Lastly, the VC and the management need to be able to work together. For VCs that lead and take board seats, as Gore Range does, they are working closely with the management to guide the company. There needs to be a strong rapport between the investor and the management, and trust and mutual respect between the parties. At the end of the day, the management still runs the company even if the investors have a bigger equity stake.

Use of Proceeds and Development Plans

Ethan: “A check-the-box that is an absolute is making sure that you are organized, that you are legally formed as a company, that you have financials in place, that you have the ability to take money in and actually look after it and be able to tell your investors where it's going.”

This may seem simplistic, but deals break down when entrepreneurs are not able to be specific about how they're going to use the money and what milestones they will achieve as a result. While understanding the plans change as circumstances do, investors such as Gore Range Capital need to have confidence that there is a plan in place and leadership has the ability to execute either on the plan or make changes as things progress.

While not all VCs do this, Gore Range reserves a portion of its investments for follow-on in subsequent fundraising rounds. When Gore Range makes an investment, it considers the total investment the company will need to achieve liquidity and factors that into its decision-making. The initial check is only one piece of the total commitment, so it is critical that Gore Range understands what milestones the company can achieve with this investment, and what future milestones and inflection points need to look like for the company to successfully raise future financing.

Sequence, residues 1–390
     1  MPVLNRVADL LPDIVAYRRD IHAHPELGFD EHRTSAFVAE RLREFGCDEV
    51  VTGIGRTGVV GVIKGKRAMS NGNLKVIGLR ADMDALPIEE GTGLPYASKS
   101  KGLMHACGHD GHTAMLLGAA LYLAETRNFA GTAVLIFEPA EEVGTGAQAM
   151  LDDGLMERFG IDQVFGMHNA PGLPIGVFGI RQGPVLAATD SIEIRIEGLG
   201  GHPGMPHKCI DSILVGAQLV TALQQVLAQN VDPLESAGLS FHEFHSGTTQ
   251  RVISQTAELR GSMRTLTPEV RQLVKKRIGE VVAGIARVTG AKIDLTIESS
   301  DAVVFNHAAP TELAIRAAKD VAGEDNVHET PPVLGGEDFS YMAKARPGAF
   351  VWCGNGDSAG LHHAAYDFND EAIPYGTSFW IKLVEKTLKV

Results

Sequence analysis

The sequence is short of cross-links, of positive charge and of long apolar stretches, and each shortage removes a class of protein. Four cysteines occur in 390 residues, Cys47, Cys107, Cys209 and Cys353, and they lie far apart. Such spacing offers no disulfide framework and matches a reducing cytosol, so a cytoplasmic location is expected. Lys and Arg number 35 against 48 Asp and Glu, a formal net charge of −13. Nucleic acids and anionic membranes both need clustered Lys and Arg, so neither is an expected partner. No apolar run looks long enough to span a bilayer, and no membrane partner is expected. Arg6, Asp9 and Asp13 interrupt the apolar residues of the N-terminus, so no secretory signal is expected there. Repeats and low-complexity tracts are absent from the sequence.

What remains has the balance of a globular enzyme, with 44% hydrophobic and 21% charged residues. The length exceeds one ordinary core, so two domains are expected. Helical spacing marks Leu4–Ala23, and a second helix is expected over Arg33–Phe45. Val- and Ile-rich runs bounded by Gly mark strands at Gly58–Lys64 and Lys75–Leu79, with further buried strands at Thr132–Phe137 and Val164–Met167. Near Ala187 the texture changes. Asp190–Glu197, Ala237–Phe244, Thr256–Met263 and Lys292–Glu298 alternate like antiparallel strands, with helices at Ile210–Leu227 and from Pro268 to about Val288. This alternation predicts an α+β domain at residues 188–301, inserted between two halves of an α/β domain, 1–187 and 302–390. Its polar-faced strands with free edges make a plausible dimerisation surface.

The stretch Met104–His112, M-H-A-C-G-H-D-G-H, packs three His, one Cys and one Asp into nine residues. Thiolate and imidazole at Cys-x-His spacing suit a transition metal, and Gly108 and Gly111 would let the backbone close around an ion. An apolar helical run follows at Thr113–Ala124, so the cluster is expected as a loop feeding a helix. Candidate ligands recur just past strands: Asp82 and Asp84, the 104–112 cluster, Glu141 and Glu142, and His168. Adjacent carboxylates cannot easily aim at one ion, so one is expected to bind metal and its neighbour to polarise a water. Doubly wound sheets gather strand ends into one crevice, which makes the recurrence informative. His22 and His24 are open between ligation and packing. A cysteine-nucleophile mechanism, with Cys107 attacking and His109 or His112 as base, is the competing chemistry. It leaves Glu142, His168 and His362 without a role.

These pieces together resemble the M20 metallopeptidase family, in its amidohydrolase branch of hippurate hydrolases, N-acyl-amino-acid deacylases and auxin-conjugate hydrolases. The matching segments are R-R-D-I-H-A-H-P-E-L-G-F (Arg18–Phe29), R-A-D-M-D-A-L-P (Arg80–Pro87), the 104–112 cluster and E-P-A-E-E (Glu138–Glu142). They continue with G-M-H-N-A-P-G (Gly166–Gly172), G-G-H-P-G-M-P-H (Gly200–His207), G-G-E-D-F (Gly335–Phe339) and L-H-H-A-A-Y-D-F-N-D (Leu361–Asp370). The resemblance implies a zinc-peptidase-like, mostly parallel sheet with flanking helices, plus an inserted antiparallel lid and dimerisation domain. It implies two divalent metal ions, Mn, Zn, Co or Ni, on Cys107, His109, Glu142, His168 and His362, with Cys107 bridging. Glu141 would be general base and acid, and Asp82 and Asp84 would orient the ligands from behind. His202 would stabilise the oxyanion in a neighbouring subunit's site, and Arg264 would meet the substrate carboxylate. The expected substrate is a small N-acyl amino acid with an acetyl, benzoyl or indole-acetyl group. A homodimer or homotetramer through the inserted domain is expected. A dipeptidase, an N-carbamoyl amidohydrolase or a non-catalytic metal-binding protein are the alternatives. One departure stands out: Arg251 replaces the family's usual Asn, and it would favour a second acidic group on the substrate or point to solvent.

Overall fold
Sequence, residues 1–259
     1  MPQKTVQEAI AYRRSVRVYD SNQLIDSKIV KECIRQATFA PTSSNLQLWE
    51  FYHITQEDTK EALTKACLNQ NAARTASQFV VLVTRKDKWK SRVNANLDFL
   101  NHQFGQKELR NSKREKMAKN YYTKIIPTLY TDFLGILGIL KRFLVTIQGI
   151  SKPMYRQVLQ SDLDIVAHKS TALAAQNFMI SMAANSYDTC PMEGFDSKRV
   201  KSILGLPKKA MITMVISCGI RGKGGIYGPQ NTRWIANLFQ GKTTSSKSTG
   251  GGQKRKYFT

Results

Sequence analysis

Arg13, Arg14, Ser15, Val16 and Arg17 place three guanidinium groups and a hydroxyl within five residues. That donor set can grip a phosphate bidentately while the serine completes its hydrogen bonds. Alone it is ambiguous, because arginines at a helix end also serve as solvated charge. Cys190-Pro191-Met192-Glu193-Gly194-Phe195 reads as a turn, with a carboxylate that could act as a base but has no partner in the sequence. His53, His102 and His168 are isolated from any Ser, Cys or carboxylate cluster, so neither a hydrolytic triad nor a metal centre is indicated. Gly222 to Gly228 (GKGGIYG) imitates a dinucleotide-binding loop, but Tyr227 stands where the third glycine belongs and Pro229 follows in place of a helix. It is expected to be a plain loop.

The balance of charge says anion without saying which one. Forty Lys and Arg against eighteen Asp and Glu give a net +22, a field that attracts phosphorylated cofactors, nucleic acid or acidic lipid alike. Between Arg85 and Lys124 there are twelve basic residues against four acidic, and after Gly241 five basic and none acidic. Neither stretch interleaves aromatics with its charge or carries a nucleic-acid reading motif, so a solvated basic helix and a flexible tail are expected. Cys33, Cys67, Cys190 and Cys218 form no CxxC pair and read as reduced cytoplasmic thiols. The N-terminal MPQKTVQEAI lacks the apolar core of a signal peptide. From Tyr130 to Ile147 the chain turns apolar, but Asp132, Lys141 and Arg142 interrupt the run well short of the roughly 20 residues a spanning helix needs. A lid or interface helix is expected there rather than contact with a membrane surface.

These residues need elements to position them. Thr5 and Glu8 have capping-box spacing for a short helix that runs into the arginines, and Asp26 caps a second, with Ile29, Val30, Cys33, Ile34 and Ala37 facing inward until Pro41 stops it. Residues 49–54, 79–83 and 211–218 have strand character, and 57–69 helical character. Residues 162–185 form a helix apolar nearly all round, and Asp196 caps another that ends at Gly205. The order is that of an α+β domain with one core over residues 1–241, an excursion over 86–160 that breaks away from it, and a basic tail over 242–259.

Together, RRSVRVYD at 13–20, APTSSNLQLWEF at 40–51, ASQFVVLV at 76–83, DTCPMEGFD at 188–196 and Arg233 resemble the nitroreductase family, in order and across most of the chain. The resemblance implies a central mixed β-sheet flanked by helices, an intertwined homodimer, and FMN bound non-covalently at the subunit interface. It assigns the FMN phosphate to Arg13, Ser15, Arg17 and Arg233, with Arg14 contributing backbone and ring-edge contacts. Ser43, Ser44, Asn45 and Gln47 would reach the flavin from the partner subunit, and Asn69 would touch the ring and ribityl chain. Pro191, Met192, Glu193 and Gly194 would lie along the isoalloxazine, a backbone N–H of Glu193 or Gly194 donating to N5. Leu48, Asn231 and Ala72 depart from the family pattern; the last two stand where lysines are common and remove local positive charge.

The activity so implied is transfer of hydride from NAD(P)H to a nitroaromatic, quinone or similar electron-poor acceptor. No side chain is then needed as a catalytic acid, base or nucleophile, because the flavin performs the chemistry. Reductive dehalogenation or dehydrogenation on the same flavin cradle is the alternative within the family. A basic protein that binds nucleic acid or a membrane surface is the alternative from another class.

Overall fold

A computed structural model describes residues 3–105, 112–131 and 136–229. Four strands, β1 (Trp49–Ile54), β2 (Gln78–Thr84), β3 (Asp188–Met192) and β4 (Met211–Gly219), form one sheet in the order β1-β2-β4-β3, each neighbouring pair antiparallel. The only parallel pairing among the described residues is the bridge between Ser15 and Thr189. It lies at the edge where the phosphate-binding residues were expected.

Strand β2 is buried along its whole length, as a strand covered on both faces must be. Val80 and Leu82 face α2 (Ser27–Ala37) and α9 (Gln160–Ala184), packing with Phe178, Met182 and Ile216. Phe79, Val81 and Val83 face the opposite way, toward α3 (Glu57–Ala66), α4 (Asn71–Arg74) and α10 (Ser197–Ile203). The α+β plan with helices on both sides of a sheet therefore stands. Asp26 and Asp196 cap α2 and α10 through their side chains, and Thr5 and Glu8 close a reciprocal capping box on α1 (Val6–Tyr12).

Product and Market Fit

While the science is a key factor in Gore Range’s investment decision-making (if the science is dubious then it’s an automatic pass), equally important is the commercialization strategy. Investors need to believe that there is a market for what someone is developing and there is a willingness to pay for the innovation. Companies can create a great product, but if no one is going to pay for it, then it is not an investable opportunity for a VC like Gore Range’s.


In healthcare, this is particularly nuanced. The person that orders the product, consumes the product and pays for the product can be two to three different people, depending on if insurance is involved. All three of those people need to have a reason for the product to be successful.

This is where a specialized VC can be helpful. Gore Range’s experience in skin health helps the investment team understand the dynamics within the healthcare ecosystem and in turn, it can help portfolio companies think through market positioning and the right commercialization strategy. Gore Range also collaborates with a strong network of advisors and experts who bring in another dimension of support to portfolio companies. Founders should consider how their investors can be helpful beyond just their capital; this additional level of support can greatly accelerate a company’s progress.


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Gore Range Capital is a venture capital firm investing in early-stage healthcare businesses with a focus on skin health. The firm blends the hands-on approach of operationally-focused private equity with the early-stage guidance needed in venture capital. Gore Range offers not just capital, but operational, clinical and scientific expertise that leverages the team’s deep industry relationships and its renowned industry advisory board. For more information, visit: https://www.gorerangecapital.com/


This article is for information purposes and should not be considered as advice or recommendation for investing in a company.